The Mets aren't yet sold on whether or not they think Franklin can handle shortstop on a full-time basis, which they would need to believe in order to trade for him, writes Rubin. He adds that it also remains to be seen whether or not the Mets would pull the trigger on trading the type of pitching prospect Seattle would want in order to part with Franklin (Rubin uses Rafael Montero as an example).
Franklin, who turns 23 on Sunday, was a mainstay on Top 100 prospect rankings around the game from the time of his first-round selection in the 2009 draft up until his Major League debut last season. The switch-hitter cooled after a strong start to his Major League career and ultimately posted a .225/.303/.382 batting line with 12 homers and six steals in 412 plate appearances (he slashed .268/.337/.451 in 169 first-half PAs). However, with the team's signing of Robinson Cano and the presence of Brad Miller at shortstop, Franklin seemingly has no home in the Mariners' infield.
Much has been made of the Mets' weakness at shortstop this offseason (Ruben Tejada is their projected starter). The lack of a proven option at short has led to seemingly endless speculation regarding Stephen Drew, but a Franklin acquisition would likely end the connection between the two sides.
Jeff Todd contributed to this post.
Following the Mariners' signing of Robinson Cano, many speculated that Nick Franklin or Brad Miller would be displaced by the move. Several teams reportedly had interest in Franklin at the time, but there hasn't been too much chatter surrounding him in the two months since. That could change, as ESPNNewYork.com's Adam Rubin hears from industry sources that Seattle is likely to move Franklin or Miller prior to Opening Day, with Franklin being the more likely candidate.
While Franklin played shortstop more frequently than second base throughout the minors, most evaluators seem to feel that Miller is better equipped, from a defensive standpoint, to handle shortstop in Seattle going forward. As such, Franklin, who will turn 23 on March 2, finds himself without a clear role on the team (Kyle Seager is in at third base, not that Franklin has experience at the hot corner anyhow).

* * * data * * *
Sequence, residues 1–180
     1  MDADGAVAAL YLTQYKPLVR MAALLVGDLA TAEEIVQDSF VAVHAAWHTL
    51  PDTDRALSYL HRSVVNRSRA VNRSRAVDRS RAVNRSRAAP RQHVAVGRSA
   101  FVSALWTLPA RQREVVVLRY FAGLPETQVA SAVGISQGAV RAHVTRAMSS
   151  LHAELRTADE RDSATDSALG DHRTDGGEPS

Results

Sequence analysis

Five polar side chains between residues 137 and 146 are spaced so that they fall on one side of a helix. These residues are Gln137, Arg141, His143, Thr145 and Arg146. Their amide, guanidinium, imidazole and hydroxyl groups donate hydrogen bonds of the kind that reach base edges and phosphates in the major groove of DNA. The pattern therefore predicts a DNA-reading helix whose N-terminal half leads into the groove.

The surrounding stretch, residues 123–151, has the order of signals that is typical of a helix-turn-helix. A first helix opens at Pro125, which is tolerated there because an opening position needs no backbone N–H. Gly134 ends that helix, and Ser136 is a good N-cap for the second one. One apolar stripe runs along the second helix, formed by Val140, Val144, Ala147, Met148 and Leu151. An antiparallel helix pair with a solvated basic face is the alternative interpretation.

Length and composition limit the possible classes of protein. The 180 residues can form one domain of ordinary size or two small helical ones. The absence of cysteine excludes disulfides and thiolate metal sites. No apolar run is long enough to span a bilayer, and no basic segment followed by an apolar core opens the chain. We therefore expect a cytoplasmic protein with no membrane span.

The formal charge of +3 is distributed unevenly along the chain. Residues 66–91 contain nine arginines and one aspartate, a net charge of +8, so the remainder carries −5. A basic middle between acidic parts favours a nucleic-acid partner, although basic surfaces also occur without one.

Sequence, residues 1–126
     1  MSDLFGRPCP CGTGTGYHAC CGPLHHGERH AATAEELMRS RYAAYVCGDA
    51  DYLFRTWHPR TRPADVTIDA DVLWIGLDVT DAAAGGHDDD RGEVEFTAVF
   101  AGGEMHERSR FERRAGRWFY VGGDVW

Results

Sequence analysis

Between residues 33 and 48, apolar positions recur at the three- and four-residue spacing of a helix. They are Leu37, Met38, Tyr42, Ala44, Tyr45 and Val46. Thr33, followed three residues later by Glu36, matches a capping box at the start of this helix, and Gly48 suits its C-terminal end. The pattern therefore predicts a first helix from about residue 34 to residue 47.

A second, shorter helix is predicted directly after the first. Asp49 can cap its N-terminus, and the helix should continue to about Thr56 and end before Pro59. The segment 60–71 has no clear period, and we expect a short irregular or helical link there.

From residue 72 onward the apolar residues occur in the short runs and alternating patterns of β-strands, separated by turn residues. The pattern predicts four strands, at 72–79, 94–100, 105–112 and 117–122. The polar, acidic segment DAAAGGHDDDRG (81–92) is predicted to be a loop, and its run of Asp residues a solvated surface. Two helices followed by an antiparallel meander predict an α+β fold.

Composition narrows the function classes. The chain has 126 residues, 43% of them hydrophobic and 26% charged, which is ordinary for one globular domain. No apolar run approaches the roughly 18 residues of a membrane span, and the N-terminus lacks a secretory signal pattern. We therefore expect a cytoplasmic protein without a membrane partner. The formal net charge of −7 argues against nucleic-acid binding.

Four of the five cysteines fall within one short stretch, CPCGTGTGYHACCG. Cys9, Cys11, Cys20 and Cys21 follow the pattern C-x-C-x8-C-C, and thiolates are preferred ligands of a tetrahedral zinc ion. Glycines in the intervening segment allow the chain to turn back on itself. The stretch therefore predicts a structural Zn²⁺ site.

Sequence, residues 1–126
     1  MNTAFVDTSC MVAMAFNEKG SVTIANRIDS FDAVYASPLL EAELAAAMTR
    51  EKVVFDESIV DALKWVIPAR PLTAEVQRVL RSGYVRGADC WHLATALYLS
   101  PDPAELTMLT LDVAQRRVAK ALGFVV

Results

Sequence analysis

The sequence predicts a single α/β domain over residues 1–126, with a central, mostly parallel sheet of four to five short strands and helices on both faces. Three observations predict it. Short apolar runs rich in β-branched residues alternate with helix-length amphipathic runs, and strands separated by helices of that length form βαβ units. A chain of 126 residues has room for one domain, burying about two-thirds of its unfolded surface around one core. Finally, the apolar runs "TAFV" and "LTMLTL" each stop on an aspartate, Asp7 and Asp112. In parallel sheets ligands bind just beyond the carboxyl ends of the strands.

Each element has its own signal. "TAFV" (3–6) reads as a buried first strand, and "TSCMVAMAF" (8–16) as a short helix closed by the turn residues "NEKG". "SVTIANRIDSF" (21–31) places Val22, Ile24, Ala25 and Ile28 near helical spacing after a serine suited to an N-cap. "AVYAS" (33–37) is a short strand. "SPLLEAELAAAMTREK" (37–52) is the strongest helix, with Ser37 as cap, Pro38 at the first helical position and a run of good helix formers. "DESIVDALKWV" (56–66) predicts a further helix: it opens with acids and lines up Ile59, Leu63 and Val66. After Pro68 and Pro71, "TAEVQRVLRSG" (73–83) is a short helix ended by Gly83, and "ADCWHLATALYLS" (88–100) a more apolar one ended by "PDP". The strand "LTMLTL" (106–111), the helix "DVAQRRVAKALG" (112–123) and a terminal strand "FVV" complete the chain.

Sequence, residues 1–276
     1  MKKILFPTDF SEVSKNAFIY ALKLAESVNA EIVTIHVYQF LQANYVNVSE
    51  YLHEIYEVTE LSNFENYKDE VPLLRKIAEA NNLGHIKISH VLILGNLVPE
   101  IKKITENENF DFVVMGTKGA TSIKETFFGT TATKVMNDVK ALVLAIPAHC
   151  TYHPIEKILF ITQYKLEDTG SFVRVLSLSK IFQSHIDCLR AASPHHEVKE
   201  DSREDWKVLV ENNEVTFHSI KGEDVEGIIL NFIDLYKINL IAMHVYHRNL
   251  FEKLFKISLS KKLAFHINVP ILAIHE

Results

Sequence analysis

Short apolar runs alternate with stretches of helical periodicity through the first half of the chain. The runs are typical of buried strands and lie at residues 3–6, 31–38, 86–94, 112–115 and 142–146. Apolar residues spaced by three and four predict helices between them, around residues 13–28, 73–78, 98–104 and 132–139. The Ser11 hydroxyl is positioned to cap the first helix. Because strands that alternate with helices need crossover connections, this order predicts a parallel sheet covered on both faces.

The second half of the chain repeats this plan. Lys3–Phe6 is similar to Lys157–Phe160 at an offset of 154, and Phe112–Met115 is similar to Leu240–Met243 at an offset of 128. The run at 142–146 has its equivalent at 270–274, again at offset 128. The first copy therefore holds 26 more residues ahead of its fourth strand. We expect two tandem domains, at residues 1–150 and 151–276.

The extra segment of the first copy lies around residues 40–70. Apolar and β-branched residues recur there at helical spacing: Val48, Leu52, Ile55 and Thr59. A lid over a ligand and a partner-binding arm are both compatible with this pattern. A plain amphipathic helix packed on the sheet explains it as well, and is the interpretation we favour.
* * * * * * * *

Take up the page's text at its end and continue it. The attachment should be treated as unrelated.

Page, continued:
Franklin got off to a hot start upon being called up from Triple-A Tacoma last season, slashing .270/.337/.453 with six homers in 43 games (175 plate appearances) in the season's first half. However, following the All-Star break, Franklin slumped to a .194/.280/.333 batting line in 243 PAs. The result was a sub-par .225/.303/.382 triple-slash line. Still, Franklin is entering just his age-23 season and is no stranger to appearing on Top 100 prospect lists, having multiple appearances on those produced by Baseball America, MLB.com, ESPN's Keith Law and Baseball Prospectus.
As Rubin notes in his piece, some teams could still view Franklin as an option at shortstop, meaning any team with a middle infield deficiency could have interest. Rubin points out that Franklin would be an upgrade over Ruben Tejada for the Mets, though he stops short of concretely citing interest on the Mets' behalf.
Of course, Rubin's report leaves open the possibility that the Mariners could deal Miller instead, who slashed .265/.318/.418 with eight homers and five steals as a 23-year-old rookie for Seattle in 2013. Both players would be controllable through the 2019 season, making them attractive long-term assets for teams with middle infield needs. The Mariners have been said to desire an additional power bat for their lineup as well as rotation help, and they may not wish to pay free-agent prices to land both. A trade of Miller or Franklin would certainly seem an alternative route to addressing one of those needs, while the addition of a free agent such as Ervin Santana, Nelson Cruz or Kendrys Morales could fill the second.